Bring food and/or drink to share if you can (see below), along with musical instruments if you play.  Check back on MarensList (where you can find information on all sorts of environmental and social justice events) for updates.  And if you aren't yet on my list, if you're interested in Sustainability Salons (and our occasional house concert, simply contact me and I'll put you on my email list.  
As always, I'll be sending out directions and such, and any late-breaking info, to all the RSVP'd folks by the morning of the salon if not before.  So if you don't have it yet, please be patient!  One of these days I'll streamline this process a bit, but for now it takes a while to to dot all my i's and cross all my t's.  (All the extraneous requests for the address don't help;  I have lots of other stuff I send out with it, but don't like to let them go unanswered so it adds hours to my prep time.  If you RSVP properly (see above), you should get the info by the morning of the salon!)
For the uninitiated, a Sustainability Salon is an educational forum, it's a mini-conference, it's a venue for discussion and debate about important environmental issues, it's a house party with an environmental theme.  We usually have featured speakers on various aspects of a particular topic, interspersed with stimulating conversation, lively debate, delectable potluck food and drink, and music-making through the evening.
Past topics have included globalizationecological ethicscommunity inclusionair quality monitoringinformal gatherings that turn out to have lots of speakersgetting STEM into Congresskeeping Pittsburgh's water publicShell's planned petrochemical plantvisualizing air quality, the City of Pittsburgh's sustainability initiativesfossil energy infrastructure, getting money out of politicscommunity solar power and the Solarize Allegheny program, the Paris climate negotiations (beforeduring, and after), air quality (again, with news on the autism connection), reuse (of things and substances), neighborhood-scale food systems, other forms of green community revitalizationsolar powerclimate changeenvironmental art, environmental education (Part I & Part II), community mapping projectsenvironmental journalismgrassroots actionMarcellus shale development and community rightsgreen buildingair qualityhealth care, more solar powertrees and park stewardshipalternative energy and climate policyregional watershed issues, fantastic film screenings and discussions (often led by filmmakers) over the winter with films on Food SystemsClimate Adaptation and MitigationPlastic Paradise, Rachel Carson and the Power Of One VoiceTriple Divide on fracking, You've Been Trumped and A Dangerous GameA Fierce Green FireSustainability Pioneersfilms on consumptionLiving DownstreamBidder 70YERTGas Rush Stories, and foodfoodfoodfoodfoodfoodfoodfoodfoodfoodfoodand more food (a recurrent theme;  with California running out of water, we'd better gear up to produce a lot more of our own!).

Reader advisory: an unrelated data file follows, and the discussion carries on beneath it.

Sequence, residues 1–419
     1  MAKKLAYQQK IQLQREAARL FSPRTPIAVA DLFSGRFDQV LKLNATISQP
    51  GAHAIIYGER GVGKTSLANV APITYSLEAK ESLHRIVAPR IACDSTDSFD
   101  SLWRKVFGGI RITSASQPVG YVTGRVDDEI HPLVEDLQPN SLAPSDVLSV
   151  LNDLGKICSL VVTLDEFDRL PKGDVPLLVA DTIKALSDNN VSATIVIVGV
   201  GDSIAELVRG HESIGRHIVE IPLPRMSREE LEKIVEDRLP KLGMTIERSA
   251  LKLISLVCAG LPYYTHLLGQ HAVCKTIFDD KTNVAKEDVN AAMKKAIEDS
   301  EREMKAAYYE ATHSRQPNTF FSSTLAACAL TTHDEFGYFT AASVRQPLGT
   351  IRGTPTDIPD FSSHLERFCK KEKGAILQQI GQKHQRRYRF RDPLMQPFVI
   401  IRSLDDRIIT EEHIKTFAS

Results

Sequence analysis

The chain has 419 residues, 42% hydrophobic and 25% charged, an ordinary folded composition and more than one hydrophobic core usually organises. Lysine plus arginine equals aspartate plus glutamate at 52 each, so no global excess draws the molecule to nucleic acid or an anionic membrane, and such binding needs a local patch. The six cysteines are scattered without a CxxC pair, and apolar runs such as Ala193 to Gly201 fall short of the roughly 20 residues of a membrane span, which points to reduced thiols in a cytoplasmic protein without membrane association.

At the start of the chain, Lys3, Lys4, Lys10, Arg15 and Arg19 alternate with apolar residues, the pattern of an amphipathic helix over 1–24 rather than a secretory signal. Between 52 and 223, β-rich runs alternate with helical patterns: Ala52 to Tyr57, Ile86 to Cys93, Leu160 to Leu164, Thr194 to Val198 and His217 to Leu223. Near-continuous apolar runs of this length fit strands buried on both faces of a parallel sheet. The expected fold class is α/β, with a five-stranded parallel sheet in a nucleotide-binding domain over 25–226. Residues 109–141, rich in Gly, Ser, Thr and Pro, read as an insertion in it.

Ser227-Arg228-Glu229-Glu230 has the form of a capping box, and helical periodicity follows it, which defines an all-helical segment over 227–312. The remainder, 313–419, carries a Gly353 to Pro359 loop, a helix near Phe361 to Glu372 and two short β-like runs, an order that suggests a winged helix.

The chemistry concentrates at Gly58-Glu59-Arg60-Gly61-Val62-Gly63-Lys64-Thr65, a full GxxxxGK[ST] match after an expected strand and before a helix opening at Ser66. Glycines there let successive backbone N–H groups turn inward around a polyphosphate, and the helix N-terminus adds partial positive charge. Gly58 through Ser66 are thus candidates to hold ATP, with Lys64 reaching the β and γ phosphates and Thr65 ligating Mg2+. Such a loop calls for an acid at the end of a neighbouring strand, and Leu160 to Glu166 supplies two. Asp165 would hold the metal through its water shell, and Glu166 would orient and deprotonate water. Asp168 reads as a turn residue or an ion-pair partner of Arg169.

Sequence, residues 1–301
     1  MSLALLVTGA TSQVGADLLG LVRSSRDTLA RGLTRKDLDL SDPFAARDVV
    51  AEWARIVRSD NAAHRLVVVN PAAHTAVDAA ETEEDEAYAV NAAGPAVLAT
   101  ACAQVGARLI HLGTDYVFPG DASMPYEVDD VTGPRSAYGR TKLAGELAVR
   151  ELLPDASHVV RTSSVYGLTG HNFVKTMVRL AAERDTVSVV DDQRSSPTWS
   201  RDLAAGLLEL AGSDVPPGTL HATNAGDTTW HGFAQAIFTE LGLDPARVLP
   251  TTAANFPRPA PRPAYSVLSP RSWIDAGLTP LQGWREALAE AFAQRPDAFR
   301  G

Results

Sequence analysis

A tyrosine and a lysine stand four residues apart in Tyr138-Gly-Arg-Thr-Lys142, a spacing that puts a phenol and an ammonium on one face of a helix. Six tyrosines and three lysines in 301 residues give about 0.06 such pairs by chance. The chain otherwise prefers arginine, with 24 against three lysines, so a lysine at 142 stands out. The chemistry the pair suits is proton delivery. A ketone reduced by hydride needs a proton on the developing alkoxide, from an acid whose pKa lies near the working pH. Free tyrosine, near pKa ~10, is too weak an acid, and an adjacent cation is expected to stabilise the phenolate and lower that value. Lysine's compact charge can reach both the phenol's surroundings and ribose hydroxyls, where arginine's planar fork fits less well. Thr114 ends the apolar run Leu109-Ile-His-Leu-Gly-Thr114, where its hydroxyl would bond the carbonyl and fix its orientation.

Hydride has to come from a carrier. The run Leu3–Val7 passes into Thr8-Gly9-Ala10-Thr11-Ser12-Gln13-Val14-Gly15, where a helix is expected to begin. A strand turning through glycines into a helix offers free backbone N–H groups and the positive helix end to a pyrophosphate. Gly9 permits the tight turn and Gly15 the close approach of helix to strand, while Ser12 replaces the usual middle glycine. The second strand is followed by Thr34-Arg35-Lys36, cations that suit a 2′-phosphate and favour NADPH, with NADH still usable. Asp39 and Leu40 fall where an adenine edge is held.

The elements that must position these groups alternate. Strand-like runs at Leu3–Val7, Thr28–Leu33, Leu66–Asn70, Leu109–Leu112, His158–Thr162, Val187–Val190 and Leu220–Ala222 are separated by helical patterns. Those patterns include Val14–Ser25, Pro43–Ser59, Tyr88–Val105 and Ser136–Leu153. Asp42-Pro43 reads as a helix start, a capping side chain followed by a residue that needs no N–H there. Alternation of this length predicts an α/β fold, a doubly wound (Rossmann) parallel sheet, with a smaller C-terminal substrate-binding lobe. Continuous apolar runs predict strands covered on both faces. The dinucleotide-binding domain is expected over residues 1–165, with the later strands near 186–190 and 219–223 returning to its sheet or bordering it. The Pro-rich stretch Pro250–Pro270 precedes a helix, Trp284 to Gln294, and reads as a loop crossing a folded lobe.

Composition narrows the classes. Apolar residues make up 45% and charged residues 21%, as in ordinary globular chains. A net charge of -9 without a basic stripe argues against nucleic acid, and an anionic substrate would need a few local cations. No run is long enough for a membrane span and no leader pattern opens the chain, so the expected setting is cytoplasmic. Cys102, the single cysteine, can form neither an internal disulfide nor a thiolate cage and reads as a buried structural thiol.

Quite a few people have asked me what sorts of food to bring -- and my answer, as always, is whatever inspires you;  I believe in the "luck" part of potlucks.  Tasty noshings for the afternoon, hearty main dishes or scrumptious salads and sides for dinner, baked goods from biscuits and breads to brownies or baklava -- and/or beverages:  wine, hard or sweet cider (the latter we can mull if you like), juice, tea, whatever.  The more the merrier!  Local fare is always particularly welcome, whether homemade or boughten.  Dishes containing meat or dairy are fine, though if it isn't really obvious please make a note of it.  We refill a bunch of growlers at East End and provide a big batch of mostly-homegrown pesto (cheesy and vegan), and other things as needed.  More details will come after you RSVP (hint, hint!). 

If you haven't been here before, you may enjoy checking out our roof garden and solar installation (and now apiary!) as well as the many other green and interesting things around our place.  

And if you like to make music or listen to homemade music, don't forget the evening sing -- we typically run the gamut from Irish fiddle tunes to protest songs to the Beatles, and a fun time is had by all.  Bring instruments if you play, and/or pick up one of ours.  Conversations will continue through the evening, as well.